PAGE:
Uber working with NASA to make flying taxis a reality

Uber working with NASA to make flying taxis a reality

Uber working with NASA to make flying taxis a reality

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The goal is to make transportation fast, and low-cost - and it hopes the service will be ready for commercial operations "several years ahead" of the 2028 Olympics in Los Angeles.

And, unlike Uber's pricey helicopter service, the rides will be relatively affordable compared with other air travel options (Uber expects fares to be comparable to those of its on-the-ground ride-hailing options).

Uber is hoping to trial the project in the vehicle-dense city of Los Angeles in 2020 in addition to the previously announced routes in Dubai and Dallas. "Combining Uber's software engineering expertise with Nasa's decades of airspace experience to tackle this is a crucial step forward", Chief Product Officer Jeff Holden said.

Mr Holden said: "By the time the Olympics come in 2028, we believe Los Angeles residents will be making heavy use of UberAIR, showcasing one of the most advanced urban transportation systems to the world, and because UberAIR is all-electric from day one, it will have a net positive impact on the environment".

The prototype that Holden showed off in a computer-generated video clip would use a distributed electric-propulsion system and provide four passenger seats.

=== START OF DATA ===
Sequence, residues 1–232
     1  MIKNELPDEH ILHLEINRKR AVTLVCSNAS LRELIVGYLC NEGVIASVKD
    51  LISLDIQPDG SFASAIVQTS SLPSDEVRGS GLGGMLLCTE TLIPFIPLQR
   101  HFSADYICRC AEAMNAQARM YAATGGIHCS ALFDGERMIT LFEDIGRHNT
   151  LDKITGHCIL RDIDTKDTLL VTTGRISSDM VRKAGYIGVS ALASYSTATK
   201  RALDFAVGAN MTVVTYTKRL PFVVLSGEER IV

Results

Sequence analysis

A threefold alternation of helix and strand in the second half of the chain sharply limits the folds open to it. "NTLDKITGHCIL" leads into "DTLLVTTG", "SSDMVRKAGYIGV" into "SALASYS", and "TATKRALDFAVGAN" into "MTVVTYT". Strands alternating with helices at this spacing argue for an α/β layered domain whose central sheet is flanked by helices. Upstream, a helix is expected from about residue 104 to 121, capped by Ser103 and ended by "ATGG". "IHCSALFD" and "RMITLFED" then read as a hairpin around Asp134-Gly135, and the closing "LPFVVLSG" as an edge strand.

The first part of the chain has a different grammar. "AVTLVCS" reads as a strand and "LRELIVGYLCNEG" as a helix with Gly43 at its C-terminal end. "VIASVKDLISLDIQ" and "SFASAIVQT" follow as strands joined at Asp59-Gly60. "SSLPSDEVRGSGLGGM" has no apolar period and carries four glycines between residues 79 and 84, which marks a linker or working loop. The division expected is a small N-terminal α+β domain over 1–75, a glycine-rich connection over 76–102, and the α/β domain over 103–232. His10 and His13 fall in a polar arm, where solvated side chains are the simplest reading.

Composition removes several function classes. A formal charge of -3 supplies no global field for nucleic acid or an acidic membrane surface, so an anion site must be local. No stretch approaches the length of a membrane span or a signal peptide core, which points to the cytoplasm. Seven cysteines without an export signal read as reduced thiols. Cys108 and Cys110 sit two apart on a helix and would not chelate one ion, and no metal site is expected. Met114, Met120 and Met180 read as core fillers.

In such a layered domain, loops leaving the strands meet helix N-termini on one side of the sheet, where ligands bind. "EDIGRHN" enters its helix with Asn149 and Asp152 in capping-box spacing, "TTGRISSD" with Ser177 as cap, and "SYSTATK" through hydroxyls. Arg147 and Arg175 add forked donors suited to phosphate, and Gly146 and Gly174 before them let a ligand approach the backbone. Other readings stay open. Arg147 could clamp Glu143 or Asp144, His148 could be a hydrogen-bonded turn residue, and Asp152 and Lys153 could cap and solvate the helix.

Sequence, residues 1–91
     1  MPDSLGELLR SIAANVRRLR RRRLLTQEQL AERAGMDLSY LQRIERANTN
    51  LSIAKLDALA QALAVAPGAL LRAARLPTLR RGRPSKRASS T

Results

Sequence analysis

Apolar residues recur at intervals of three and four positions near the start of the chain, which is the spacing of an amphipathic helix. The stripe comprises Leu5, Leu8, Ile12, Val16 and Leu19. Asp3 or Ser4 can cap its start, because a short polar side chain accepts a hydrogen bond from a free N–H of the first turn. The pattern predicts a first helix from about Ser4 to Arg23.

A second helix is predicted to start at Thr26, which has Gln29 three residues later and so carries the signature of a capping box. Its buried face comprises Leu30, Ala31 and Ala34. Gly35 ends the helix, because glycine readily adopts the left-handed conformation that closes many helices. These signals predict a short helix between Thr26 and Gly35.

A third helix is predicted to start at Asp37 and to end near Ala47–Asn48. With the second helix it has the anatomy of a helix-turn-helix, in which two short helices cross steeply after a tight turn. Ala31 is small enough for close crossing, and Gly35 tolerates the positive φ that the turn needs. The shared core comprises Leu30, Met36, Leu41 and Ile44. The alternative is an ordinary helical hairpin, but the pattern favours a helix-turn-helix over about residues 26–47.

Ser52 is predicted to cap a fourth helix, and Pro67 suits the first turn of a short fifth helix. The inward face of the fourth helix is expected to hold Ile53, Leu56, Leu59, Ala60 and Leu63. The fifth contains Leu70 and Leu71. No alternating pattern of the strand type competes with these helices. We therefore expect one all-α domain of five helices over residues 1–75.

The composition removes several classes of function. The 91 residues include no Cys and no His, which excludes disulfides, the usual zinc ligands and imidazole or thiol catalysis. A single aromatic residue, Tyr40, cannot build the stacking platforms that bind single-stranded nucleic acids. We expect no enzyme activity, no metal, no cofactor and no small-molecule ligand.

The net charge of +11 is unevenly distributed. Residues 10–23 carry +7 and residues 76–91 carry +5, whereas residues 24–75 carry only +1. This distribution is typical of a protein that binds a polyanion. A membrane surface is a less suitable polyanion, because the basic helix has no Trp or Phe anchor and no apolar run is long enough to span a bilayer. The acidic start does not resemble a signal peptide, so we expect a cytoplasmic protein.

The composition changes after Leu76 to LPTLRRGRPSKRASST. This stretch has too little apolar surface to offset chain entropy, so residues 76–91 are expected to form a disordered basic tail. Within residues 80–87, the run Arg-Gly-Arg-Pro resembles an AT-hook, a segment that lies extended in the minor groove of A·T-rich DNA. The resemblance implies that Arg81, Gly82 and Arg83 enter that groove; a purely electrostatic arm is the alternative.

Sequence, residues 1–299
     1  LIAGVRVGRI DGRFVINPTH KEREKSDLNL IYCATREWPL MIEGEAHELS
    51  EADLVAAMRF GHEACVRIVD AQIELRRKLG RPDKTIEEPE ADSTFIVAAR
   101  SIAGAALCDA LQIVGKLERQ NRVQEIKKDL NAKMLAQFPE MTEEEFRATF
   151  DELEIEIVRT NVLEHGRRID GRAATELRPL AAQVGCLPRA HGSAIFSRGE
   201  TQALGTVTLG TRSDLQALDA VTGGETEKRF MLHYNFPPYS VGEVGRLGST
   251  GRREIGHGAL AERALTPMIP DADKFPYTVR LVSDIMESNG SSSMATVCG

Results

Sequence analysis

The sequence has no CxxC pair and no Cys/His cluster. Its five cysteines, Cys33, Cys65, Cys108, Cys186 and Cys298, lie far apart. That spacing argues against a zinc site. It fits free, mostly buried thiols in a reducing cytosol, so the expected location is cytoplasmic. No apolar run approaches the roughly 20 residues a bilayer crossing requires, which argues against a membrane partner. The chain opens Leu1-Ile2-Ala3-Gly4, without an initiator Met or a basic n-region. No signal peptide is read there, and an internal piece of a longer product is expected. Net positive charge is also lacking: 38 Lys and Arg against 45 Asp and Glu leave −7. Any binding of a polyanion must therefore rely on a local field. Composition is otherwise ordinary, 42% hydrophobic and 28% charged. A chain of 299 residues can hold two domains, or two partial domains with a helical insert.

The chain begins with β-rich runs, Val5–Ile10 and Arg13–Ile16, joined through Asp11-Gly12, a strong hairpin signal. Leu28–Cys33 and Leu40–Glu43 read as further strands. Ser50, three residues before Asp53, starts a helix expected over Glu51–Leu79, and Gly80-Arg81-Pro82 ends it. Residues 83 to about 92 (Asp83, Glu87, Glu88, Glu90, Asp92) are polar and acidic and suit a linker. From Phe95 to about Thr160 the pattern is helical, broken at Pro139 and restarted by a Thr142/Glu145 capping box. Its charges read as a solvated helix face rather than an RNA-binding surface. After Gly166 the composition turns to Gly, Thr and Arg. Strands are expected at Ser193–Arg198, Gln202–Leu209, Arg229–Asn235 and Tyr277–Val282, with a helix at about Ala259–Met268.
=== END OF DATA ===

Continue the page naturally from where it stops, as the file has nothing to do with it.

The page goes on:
Eric Garcetti, mayor of LA, said the city is the "perfect" place to test the new service.

Alex Comisar, Garcetti's press secretary, said discussions with the company operating the technology in the city are in the preliminary stages. There's also Volocopter, which successfully tested a flying vehicle in Dubai back in September of this year.

Uber plans to develop the software to manage the flying taxi network with the vehicles to be built primarily by Pipistrel Aircraft.

If that's not enough to convince you, Uber predicts that a trip from LAX to the Staples Center during rush hour will be condensed from an hour plus trip, to just a thirty minute plane ride. Uber's partnership is part of NASA's Space Act Agreement, a consortium of industry players working to ensure "safe and efficient operations" of its taxis and other small unmanned aerial systems flying at low altitudes.

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